The termination of the VFA was suspended for six months and, unless Duterte extends the suspension, the 180-day clock on termination will resume ticking at the beginning of 2021.

Duterte’s renewed threat to the VFA was made in response to the fact that Singapore secured Pfizer-produced vaccines and would begin vaccinating the population, while the Philippines had received none. Philippine Secretary of Foreign Affairs Teodoro Locsin Jr. announced in mid-December that someone in the Philippines government had “dropped the ball” and failed to sign a Confidential Disclosure Agreement (CDA) with Pfizer. As a result, he stated, discussions with US Secretary of State Mike Pompeo broke down and no vaccine was forthcoming.

Department of Health chief Francisco Duque stated that his signature on the CDA, which was completed in mid-October, was not a factor in the supply of Pfizer’s vaccine. Carlito Galvez Jr., head of the Philippine vaccination program, explained that the Philippines could expect to receive Pfizer’s vaccine in the third quarter of 2021 “at the earliest.” The Philippines was not a priority target, because “wealthy countries” would receive the vaccine first.

The Philippines is scheduled to receive 2.6 million doses of the UK-based AstraZeneca vaccine in the second quarter of 2021. For a country with a population of 109 million people, this does not begin to remedy the problem. While looking to secure vaccines from the United States with threats to the VFA, the Duterte administration is also attempting to procure 25 million doses of the Chinese-made Sinopharm or Sinovac vaccines.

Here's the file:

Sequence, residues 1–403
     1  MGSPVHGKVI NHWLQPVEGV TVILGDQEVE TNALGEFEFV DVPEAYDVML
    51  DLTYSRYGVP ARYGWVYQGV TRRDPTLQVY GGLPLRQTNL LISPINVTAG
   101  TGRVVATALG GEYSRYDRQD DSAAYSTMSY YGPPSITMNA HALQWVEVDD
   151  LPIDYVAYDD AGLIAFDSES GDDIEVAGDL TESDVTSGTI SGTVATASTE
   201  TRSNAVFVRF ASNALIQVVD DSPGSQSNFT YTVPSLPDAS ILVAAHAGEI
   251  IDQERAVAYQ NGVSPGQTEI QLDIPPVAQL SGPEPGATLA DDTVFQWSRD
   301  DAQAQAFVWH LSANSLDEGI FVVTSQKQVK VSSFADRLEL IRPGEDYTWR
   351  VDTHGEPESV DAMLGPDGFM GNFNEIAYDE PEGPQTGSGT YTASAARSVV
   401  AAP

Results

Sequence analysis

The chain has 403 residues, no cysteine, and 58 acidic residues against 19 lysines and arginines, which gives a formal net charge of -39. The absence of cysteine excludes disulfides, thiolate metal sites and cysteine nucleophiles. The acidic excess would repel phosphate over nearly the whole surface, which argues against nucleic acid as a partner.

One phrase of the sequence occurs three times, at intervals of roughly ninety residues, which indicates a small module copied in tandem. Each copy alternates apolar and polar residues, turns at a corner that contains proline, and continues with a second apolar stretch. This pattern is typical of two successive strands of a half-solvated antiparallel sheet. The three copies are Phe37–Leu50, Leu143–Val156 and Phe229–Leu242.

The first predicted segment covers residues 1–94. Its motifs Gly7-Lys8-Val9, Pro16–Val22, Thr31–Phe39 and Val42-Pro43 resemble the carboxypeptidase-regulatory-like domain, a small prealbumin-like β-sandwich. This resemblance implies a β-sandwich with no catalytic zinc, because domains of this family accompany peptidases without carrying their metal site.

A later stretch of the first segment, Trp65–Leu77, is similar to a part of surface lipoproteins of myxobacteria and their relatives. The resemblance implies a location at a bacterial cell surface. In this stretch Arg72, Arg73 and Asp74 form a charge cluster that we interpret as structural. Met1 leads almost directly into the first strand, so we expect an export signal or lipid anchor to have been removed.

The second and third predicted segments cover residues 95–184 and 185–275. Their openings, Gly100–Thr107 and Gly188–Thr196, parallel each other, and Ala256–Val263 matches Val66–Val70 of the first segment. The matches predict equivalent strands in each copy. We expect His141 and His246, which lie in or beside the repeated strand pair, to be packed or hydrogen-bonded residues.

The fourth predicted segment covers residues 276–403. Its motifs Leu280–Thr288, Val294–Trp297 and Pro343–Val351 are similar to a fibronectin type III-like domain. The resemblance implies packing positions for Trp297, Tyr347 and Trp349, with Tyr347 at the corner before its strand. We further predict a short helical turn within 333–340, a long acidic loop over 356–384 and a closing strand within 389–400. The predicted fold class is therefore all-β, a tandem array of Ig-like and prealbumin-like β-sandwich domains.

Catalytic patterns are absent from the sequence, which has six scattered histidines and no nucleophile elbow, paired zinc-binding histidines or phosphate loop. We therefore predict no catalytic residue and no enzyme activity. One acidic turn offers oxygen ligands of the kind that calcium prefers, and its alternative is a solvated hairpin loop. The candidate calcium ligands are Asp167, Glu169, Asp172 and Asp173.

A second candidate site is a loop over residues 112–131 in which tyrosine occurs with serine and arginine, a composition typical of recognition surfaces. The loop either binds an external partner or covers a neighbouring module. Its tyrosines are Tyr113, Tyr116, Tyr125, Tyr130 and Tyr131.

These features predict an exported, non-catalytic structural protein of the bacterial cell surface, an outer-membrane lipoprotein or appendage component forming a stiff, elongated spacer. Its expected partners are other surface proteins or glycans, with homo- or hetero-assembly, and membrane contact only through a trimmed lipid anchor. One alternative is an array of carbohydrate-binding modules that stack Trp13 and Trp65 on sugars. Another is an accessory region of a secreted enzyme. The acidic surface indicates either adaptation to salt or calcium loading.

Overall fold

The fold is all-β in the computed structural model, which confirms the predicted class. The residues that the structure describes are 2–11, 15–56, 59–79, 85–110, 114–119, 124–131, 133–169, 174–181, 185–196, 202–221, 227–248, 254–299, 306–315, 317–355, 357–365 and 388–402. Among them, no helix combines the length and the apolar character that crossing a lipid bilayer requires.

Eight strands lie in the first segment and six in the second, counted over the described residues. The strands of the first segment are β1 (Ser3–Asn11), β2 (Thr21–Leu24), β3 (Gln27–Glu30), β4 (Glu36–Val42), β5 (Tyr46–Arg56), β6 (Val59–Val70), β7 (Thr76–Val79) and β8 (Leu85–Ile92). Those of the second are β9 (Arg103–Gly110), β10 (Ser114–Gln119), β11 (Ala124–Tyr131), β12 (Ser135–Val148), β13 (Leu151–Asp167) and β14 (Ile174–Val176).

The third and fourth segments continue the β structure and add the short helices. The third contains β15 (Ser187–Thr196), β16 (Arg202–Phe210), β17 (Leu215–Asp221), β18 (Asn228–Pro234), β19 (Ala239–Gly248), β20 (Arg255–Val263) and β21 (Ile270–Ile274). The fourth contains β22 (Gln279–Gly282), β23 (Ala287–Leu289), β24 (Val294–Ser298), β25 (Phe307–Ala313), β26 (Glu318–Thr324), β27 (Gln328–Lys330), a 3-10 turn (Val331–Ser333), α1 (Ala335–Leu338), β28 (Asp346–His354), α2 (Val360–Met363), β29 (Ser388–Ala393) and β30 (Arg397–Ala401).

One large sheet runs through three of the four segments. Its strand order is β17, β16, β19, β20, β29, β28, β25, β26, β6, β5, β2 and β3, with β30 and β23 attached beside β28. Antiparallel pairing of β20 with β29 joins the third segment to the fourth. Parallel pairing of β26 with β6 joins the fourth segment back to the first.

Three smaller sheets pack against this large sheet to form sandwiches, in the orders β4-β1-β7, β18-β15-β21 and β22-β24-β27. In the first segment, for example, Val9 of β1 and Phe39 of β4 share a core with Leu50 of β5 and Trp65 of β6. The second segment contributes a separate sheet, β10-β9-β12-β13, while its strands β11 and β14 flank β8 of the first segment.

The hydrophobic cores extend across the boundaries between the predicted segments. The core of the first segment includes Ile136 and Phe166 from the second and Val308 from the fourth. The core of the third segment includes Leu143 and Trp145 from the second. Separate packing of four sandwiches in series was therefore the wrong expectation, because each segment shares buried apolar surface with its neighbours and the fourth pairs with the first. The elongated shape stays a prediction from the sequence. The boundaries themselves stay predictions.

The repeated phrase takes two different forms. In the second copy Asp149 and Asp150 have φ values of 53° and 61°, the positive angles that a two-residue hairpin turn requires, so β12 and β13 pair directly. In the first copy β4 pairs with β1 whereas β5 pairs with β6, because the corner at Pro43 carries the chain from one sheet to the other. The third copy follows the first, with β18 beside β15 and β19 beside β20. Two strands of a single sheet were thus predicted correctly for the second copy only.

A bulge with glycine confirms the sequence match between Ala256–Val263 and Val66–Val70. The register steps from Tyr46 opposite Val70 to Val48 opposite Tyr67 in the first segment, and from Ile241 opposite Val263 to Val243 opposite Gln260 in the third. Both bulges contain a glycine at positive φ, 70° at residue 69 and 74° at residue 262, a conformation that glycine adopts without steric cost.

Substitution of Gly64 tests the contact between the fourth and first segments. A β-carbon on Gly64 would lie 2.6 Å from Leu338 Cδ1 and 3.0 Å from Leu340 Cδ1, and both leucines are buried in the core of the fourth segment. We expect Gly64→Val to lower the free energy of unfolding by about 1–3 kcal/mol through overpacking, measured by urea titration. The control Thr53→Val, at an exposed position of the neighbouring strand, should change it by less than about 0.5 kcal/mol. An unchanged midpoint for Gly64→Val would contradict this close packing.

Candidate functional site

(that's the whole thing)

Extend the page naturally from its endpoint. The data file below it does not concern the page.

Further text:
Retired Supreme Court Justice Antonio Carpio, who has played a prominent role in pushing for Duterte to assert Philippine sovereignty over disputed portions of the South China Sea in opposition to China, weighed in with an op-ed column in the Philippine Daily Inquirer on December 31. China, he speculated, could make “make access to its own vaccine subject to the condition that the Philippines must set aside its arbitral victory in the West Philippine Sea (WPS).”

Eric Domingo, director general of the Food and Drug Administration (FDA), stated that the FDA would rush approval of vaccines approved in the US and UK, but would be strict about vaccines from China.

Duterte revealed on December 26 that his own Presidential Security Group (PSG), comprised of military forces under the direct supervision of the president, had been vaccinated in September and October despite the fact that no vaccine had yet been approved by FDA. A political firestorm erupted over this admission.

Defense Secretary Lorenzana stated that the vaccines administered to the PSG had been produced in China and were “smuggled” into the country. Menardo Guevarra, secretary of the Department of Justice, announced on December 30, that the National Bureau of Investigation would launch a probe of the alleged “smuggling.”

The working masses and poor of the Philippines are currently suffering the worst levels of hunger and malnutrition since the Japanese Occupation. Unemployment has skyrocketed under the conditions of extended lockdown. Indifferent to this suffering, the ruling elite see in the procurement of a vaccine a weapon in their fight over the geopolitical orientation of the country and their hold on power.